Funeral Sermon for Paul G. Walther
1 Corinthians 15.3-8
For what I received I passed on to you as of first importance: that Christ died for our sins according to the Scriptures, 4 that he was buried, that he was raised on the third day according to the Scriptures, 5 and that he appeared to Cephas, and then to the Twelve. 6 After that, he appeared to more than five hundred of the brothers at the same time, most of whom are still living, though some have fallen asleep. 7 Then he appeared to James, then to all the apostles, 8 and last of all he appeared to me also, as to one abnormally born. (NIV Adapted)
Dear Mom, Susan, Kathy, Mike, Tim, Carol, children, relatives, friends and members of Zion Lutheran Church,
My message this morning is based on the same text that I was studying and preaching from for last Sunday, Easter. I only had to adapt my sermon just a little on Sunday after mom called me about Dad’s dying. I want to share it again with all of you with just a few more changes.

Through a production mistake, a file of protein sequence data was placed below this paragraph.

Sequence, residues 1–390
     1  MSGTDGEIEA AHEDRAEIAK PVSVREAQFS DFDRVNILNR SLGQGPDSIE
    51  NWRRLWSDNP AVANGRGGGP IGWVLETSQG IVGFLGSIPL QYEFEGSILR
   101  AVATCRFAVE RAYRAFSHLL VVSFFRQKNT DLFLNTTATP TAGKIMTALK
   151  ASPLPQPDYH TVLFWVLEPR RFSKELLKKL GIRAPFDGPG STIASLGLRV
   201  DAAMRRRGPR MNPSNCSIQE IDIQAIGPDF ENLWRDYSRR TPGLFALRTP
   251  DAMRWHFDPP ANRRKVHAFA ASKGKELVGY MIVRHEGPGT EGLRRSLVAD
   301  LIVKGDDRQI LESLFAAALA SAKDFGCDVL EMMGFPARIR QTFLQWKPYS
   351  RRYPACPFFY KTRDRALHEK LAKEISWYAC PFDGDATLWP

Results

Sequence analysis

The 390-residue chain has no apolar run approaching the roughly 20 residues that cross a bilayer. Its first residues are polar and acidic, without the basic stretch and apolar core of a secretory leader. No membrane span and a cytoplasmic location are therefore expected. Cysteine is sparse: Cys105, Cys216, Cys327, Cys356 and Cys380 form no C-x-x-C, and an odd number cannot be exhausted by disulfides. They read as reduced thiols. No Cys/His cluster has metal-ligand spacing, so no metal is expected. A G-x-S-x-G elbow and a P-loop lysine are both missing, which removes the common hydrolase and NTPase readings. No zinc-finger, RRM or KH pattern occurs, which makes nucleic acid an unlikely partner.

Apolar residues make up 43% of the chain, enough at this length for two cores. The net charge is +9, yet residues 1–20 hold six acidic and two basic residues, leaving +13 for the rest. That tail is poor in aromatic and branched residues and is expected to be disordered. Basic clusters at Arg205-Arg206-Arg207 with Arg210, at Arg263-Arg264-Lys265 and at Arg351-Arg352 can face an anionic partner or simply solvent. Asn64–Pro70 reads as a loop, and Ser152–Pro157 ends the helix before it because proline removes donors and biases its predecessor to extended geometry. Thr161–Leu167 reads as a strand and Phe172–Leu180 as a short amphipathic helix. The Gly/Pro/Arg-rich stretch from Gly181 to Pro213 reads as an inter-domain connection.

As most of you know the first Paul was a zealous Pharisee. He wasn’t in Jerusalem at the time of Jesus’ death and resurrection, but he must have come soon after - within a year. About that time Stephen was stoned to death and Paul was there guarding the cloaks of his murders. Paul enthusiastically joined the persecution of the church and was on his way to Damacus to find, arrest, and punish the Christians who had fled there. Some of them may have been killed also. But on the road to Damascus Paul, or as he was known then, Saul, was met by the risen Christ. He was the last person to see the risen Lord, and he was the most unlikely - for he had never loved Him but had in facted hated Him with all the hatred a human being could have. Paul was a proud, self-confident Pharisee who viewed God as a rewarder and punisher. His entire faith at that point was based on his own achievements. But as always happens in the Bible, when sinful men, no matter how holy they think they are meet a holy angel or the holy Son of God, it is a complete shock. Suddenly they realize their sinfulness. Paul described his shock by saying that Jesus appeared to him as one “abnormally born.” The Greek word that Paul uses here is the word for “abortion” or “stillbirth.” But Paul’s shock wasn’t just that he saw Christ risen from the dead. The greater shock was that this Christ came to him in forgiveness and mercy, which Paul knew was totally underserved. He was told go on to Damascus where a disciple named Ananius would say, “rise, be baptized, and wash away your sins.” Paul’s shock was that God is not just a rewarder and a punisher, but a forgiver. This is why Paul would refer to himself not as a man, not even as a child, but as one who had been abnormally born or aborted and had not even taken a breath. This is why Paul would refer to himself as the “least of the Apostles” and as “the chief of sinners.” Paul’s life was completely and forever changed. Paul would go on to become the greatest of all the apostles.